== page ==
Thursday, April 29, 2021

Notes For April 29th, 2021

This Day In Literary History

On April 29th, 1933, the legendary American poet, singer, and songwriter Rod McKuen was born in Oakland, California. In 1944, when he was eleven years old, he ran away from home to escape his violently abusive alcoholic stepfather.

He drifted throughout the West Coast, working at various jobs; he was a logger, a ranch hand, a railroad worker, and even a rodeo cowboy. Despite his lack of formal education, McKuen began keeping a journal and writing frequently.

This would lead him to become a poet and writer of song lyrics. He also became a newspaper columnist. During the Korean War, he served his two-year tour of duty as a propaganda scriptwriter. After the war ended, he settled in San Francisco.

His first poetry collection, And Autumn Came, was published in 1954. He was soon reading his poems alongside fellow Beat writers such as Jack Kerouac and Allen Ginsberg. Around this time, Rod McKuen began performing as a singer at the Purple Onion.

The Purple Onion was a famous cellar club in San Francisco where legendary comics such as Lenny Bruce, Woody Allen, Mort Sahl, Phyllis Diller, Richard Pryor, and the Smothers Brothers would also perform.

At first, McKuen performed traditional folk songs, then he began writing and performing his own songs. This led him to win a recording contract with Decca Records, for whom he recorded several pop albums.

He tried to start a career as an actor, and appeared in rock n' roll themed movies such as Rock, Pretty Baby (1956) and Summer Love (1958).

McKuen's acting career failed to take off, so in 1959, he moved to New York City to work as a composer and music conductor for the TV show CBS Workshop. In the early 1960s, he moved to France, where he met many of the country's top songwriters.

He struck up a close friendship with legendary Belgian singer-songwriter Jacques Brel and embarked on a project to translate all of Brel's songs into English. His translation of Brel's song If You Go Away became a pop standard. British singer Scott Walker recorded many of McKuen's translations.

When American singer Terry Jacks recorded McKuen's translation of Brel's classic song Seasons in the Sun, it became a #1 hit. McKuen also translated the works of other prominent French songwriters.

In the late 1960s, McKuen published more collections of poetry including Listen to the Warm (1967), Lonesome Cities (1968), and In Someone's Shadow (1969). He also returned to singing and songwriting.

Working with arranger Anita Kerr and the San Sebastian Strings, he recorded a series of pop albums, including The Sea (1967), The Earth (1967), The Sky (1968), Home to the Sea (1969), For Lovers (1969), and The Soft Sea (1970).

Legendary singer Frank Sinatra, impressed with McKuen's talents, then commissioned an album of his poems and songs, which was released as A Man Alone: The Words and Music of Rod McKuen.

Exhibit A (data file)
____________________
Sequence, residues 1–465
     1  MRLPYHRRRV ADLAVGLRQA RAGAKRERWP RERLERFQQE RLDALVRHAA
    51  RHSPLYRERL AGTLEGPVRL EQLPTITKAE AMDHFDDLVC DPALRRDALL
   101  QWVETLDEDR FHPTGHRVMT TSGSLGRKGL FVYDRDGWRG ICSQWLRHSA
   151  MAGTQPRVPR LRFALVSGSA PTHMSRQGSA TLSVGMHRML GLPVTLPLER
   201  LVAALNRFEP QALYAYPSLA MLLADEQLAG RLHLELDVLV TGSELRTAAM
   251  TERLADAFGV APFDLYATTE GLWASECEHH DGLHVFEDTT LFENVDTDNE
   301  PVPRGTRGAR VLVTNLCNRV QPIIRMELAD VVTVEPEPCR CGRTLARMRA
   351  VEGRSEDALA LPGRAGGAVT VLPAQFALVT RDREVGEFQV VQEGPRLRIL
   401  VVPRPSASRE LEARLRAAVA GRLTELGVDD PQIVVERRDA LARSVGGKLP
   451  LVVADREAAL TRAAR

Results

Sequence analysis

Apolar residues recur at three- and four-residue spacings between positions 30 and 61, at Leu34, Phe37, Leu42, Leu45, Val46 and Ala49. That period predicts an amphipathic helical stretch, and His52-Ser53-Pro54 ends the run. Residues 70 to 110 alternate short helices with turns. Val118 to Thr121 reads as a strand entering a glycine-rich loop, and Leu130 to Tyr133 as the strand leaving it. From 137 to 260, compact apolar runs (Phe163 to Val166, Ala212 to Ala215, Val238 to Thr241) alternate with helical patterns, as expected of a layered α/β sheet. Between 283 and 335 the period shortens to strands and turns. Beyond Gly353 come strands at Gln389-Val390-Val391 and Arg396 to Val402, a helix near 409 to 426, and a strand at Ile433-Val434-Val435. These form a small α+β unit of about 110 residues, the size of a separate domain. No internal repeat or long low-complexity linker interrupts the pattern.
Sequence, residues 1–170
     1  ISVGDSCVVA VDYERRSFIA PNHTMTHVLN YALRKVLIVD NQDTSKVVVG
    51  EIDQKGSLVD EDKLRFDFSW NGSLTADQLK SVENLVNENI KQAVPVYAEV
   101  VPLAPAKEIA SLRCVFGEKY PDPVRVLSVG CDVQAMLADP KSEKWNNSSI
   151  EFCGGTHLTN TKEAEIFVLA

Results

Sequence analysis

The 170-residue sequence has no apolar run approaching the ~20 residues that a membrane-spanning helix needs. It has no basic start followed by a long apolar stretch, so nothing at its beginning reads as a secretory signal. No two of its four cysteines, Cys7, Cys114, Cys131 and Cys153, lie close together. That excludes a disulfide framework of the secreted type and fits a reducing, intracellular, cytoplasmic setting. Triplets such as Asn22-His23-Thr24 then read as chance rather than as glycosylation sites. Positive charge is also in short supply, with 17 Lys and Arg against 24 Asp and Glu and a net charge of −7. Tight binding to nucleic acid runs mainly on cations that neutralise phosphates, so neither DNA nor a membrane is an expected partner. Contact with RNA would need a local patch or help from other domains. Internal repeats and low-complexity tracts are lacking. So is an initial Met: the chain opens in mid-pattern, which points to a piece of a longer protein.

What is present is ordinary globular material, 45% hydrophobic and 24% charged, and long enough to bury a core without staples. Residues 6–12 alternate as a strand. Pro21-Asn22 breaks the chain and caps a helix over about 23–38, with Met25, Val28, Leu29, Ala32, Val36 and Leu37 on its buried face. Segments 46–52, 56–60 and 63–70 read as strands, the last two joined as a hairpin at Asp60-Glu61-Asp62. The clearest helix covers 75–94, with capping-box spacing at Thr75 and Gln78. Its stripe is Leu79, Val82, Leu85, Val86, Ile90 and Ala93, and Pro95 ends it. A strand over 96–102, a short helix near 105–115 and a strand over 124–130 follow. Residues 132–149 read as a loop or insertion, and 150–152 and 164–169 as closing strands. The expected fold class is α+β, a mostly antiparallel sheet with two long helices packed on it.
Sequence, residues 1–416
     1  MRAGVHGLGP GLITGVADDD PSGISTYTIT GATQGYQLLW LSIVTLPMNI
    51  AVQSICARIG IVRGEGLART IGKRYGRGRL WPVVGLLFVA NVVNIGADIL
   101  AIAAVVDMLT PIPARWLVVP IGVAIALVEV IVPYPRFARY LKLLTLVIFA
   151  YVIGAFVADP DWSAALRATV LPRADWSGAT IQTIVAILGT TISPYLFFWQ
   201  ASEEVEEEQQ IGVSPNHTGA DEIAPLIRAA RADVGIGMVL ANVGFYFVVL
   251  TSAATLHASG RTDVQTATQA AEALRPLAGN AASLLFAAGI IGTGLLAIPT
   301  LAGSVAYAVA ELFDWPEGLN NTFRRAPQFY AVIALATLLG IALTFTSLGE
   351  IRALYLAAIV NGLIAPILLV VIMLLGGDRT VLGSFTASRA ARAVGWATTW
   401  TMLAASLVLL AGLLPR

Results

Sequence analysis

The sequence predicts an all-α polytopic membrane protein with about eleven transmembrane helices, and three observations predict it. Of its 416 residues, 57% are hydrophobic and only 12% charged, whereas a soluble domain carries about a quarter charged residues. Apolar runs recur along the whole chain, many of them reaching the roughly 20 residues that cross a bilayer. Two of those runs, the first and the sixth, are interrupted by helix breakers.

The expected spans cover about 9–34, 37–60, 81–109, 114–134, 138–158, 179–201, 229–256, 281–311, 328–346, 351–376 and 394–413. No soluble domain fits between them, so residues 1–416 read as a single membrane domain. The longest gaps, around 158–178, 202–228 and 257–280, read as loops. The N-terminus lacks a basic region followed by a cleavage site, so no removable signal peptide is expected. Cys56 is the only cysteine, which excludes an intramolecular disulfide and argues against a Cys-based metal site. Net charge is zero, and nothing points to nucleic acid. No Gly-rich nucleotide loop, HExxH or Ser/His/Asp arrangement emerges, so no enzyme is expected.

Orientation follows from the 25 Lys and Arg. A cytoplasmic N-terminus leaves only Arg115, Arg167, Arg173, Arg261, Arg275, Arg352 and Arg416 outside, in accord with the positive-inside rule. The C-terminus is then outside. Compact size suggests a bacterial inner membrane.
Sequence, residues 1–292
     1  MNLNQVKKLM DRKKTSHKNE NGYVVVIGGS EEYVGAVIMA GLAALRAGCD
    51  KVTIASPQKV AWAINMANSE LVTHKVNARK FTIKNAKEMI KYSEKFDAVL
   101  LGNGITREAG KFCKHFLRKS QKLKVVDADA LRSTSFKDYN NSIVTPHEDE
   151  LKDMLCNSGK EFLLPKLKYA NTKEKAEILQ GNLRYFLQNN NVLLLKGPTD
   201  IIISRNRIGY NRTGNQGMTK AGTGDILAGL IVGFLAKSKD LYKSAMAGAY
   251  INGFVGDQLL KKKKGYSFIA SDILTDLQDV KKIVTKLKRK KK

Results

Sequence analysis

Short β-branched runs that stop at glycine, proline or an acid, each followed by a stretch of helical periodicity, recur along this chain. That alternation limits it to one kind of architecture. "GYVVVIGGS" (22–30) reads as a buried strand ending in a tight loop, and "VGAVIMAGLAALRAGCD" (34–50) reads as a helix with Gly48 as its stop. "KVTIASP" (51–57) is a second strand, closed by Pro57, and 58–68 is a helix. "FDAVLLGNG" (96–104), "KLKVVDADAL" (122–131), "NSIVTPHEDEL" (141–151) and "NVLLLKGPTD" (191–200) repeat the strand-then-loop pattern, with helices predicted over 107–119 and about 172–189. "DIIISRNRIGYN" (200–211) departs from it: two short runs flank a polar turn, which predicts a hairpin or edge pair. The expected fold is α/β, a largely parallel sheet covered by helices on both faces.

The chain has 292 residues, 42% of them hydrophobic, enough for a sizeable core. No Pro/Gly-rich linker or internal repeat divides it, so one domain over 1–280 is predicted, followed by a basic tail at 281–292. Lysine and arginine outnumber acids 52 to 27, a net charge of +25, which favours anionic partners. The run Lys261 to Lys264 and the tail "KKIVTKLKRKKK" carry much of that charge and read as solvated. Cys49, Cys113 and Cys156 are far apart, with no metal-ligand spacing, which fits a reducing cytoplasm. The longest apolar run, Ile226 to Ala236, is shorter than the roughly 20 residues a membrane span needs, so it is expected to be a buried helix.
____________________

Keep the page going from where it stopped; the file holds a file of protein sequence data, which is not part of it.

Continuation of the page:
In the 1970s, McKuen tried his hand at classical compositions, writing concertos, suites, symphonies, and chamber pieces for orchestra. He also wrote film scores and collaborated with legendary composers such as Henry Mancini and John Williams. He earned two Academy Award nominations.

He continued publishing great poetry collections, including Caught in the Quiet (1970), Fields of Wonder (1971), Moment to Moment (1972), and Come to Me in Silence (1973).

In 1977, he published a nonfiction book called Finding My Father, which was a chronicle of his search for his biological father. He became an activist, helping to make information about biological parents available to adopted children.

When he embarked on a concert tour of South Africa, which was segregated under the oppressive apartheid regime, McKuen demanded mixed seating for every one of his concerts, or else he wouldn't perform there.

He retired from live performance in 1981. A year later, he was diagnosed with clinical depression, which he would battle for nearly a decade. He continued to write poetry and appeared as a voice actor in movies and TV shows.

Rod McKuen died in January of 2015 at the age of 81. It has been estimated that he wrote over 1,500 songs during his remarkable career, most of them for other singers. All together, his songs account for over 100,000,000 records sold.

Quote Of The Day

"I try not to put messages in my songs. My only message is man's communication with his fellow man. I want to narrow the gap of strangeness and alienation." - Rod McKuen

Vanguard Video

Today's video features Rod McKuen being interviewed on NPR's Fresh Air in 1978. Enjoy!

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